“Hypocrisy is the tribute that vice pays to virtue, dear man. In an imperfect world, I fear it’s the best we can manage.” — A Delicate Truth, John le Carré
A Delicate Truth
John le Carré
John le Carré is in his 80s and still writing spy thrillers that are as contemporary and up to the minute as anything else in the genre. His latest, A Delicate Truth, is one of his best IMHO.
Le Carré long ago moved on from the Cold War espionage era of his classic George Smiley character to the post-9/11, counter-terrorism, civilian contractor-dominated intelligence world of today, his later novels featuring mid-level actors in Britain’s foreign office and intelligence ministries. I will never say the George Smiley novels were unrealistic, because they all feel quite real … what I mean to say is that the later novels feel more real because they feature characters that seem like people we know.
You can feel le Carré’s anger with the direction covert intelligence-gathering has taken since the days when the Americans, led by Dick Cheney and George W. Bush, subverted and politicized the process, dragging Britain’s spy services down with them into a Keystone Kop mess of cherry picking intelligence from favored sources, running screaming after every imaginable threat, special rendition, torturing innocent and guilty suspects alike, and achieving failure after failure. Le Carré’s anger shines with a special intensity when he describes the yes-man atmosphere within Britain’s intelligence services today, and it shines with blinding intensity during the chapter where former foreign office official Kit Probyn tries to alert his former colleagues to a disastrously failed mission he was once part of.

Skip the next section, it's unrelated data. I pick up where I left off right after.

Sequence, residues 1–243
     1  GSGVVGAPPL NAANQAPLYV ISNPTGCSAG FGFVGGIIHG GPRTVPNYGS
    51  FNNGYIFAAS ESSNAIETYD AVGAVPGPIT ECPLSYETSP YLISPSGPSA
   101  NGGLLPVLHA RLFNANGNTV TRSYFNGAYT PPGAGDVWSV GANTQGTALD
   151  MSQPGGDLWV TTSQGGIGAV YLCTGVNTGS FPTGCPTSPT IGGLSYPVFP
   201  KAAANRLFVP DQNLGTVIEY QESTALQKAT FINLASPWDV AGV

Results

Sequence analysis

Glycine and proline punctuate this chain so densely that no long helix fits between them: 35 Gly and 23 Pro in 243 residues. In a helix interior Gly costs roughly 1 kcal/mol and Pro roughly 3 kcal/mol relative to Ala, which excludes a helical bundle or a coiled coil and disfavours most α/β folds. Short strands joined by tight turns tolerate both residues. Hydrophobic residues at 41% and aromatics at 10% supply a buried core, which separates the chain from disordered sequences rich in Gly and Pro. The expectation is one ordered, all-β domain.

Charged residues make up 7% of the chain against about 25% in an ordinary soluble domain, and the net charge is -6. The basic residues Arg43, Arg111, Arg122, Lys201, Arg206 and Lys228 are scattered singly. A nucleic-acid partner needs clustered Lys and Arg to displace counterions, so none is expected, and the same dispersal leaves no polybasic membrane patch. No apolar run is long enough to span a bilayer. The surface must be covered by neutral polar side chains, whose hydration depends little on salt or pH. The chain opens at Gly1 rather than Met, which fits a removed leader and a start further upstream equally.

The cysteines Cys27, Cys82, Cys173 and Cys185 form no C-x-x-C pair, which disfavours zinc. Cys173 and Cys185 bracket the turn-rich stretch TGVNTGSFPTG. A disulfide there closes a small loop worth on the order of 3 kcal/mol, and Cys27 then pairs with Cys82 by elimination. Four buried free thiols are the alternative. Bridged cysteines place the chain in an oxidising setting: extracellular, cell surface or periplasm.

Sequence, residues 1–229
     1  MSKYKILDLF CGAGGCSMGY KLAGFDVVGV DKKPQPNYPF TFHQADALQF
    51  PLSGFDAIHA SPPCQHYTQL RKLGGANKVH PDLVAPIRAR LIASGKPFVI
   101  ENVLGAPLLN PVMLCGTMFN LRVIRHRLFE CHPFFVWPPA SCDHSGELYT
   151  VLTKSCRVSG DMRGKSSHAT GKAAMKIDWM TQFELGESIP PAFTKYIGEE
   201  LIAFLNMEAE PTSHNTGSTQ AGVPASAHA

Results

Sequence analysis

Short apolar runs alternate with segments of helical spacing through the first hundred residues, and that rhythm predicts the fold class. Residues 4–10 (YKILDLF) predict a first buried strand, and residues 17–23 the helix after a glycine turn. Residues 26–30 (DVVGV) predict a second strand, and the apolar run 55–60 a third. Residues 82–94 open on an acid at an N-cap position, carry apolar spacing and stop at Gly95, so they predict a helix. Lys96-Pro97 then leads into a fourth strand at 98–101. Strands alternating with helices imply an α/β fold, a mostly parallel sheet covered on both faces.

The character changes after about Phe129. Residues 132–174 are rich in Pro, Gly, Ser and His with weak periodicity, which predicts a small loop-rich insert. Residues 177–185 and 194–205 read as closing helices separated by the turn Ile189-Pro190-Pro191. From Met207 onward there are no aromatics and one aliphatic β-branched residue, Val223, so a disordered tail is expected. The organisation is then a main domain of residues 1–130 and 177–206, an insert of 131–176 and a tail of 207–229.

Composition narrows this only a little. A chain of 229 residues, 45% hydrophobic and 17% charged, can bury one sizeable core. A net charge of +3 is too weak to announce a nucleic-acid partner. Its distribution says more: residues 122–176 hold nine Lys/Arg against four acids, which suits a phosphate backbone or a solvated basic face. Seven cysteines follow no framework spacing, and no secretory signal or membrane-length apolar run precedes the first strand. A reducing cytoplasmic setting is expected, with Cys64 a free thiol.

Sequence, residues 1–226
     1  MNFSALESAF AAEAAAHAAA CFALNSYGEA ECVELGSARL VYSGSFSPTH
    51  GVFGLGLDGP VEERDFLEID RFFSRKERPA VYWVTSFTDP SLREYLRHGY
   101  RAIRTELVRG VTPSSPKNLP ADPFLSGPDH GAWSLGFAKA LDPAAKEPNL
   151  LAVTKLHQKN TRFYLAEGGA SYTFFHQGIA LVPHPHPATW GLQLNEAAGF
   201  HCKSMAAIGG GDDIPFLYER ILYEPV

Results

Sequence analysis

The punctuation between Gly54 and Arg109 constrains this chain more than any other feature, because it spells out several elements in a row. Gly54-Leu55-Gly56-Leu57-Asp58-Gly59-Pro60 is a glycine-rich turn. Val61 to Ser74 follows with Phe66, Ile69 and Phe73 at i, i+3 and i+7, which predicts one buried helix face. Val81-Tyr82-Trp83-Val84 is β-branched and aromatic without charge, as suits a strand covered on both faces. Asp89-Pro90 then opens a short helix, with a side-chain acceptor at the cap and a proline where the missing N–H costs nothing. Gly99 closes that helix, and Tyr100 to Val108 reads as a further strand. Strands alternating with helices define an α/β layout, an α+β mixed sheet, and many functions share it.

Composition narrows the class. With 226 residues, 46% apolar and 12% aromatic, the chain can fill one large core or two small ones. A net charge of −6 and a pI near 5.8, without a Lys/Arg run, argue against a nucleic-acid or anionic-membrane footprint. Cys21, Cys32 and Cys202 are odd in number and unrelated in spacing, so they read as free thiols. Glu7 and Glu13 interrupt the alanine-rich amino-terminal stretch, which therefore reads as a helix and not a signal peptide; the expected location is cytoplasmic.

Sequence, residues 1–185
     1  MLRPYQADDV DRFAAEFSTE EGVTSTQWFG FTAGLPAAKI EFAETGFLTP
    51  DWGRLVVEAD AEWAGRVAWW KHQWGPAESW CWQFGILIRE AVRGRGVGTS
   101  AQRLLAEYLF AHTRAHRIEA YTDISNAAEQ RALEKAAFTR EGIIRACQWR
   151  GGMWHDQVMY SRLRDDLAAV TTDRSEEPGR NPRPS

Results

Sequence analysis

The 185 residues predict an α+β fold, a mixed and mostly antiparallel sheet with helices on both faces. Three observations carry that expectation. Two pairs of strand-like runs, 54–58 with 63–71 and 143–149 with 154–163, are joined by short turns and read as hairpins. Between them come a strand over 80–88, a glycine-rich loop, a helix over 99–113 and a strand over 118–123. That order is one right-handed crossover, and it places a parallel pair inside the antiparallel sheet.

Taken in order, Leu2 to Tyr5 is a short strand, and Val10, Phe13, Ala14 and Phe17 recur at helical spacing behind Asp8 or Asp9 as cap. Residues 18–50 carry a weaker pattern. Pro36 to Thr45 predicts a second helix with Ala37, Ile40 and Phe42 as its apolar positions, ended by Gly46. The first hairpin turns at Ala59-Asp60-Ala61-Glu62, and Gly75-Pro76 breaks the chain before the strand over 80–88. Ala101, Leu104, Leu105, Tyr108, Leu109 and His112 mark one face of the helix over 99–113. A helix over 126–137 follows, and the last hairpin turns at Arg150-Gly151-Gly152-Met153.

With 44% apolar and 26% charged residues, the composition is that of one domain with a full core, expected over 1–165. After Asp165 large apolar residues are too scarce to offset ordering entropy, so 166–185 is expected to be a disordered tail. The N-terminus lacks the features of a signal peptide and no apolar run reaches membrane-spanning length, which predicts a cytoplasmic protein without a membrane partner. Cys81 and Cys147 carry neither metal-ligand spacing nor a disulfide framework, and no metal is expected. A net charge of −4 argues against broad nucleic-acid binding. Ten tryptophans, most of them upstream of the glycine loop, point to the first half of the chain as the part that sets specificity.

Le Carré’s anger never gets in the way of his ability to tell a fascinating story. This novel is an absolute page-turner. The characters are vivid, deep, utterly believable. The botched intelligence operation, conducted in darkness at Gibralter, is as realistic as anything I’ve read. The conspiracy behind the operation, led by corrupt officials and politically influential outsiders, is revealed in layers, keeping the suspense at a high level throughout. If you are not as angry as John le Carré by the end of this novel, you are either Dick Cheney or an employee of Blackwater.